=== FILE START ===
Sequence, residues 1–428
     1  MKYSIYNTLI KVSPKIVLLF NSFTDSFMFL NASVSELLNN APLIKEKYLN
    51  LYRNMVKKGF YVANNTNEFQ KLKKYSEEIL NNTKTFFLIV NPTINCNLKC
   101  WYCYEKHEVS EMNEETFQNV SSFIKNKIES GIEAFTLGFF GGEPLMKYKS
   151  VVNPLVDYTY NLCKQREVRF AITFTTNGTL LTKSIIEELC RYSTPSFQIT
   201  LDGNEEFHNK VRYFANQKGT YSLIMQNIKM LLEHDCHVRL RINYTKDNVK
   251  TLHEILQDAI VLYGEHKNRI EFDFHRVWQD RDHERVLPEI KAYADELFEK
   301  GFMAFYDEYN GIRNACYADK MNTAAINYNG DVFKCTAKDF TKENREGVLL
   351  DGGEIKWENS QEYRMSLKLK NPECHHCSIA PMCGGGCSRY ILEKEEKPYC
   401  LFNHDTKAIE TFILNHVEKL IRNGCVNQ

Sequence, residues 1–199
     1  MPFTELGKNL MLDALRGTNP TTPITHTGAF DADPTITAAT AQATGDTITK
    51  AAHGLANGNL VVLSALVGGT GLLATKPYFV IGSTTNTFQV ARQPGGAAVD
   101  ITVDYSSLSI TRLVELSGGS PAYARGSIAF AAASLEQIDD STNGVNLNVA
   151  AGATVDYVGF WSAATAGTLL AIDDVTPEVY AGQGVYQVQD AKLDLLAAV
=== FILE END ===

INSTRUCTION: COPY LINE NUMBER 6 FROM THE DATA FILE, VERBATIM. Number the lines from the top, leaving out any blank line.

   201  LDGNEEFHNK VRYFANQKGT YSLIMQNIKM LLEHDCHVRL RINYTKDNVK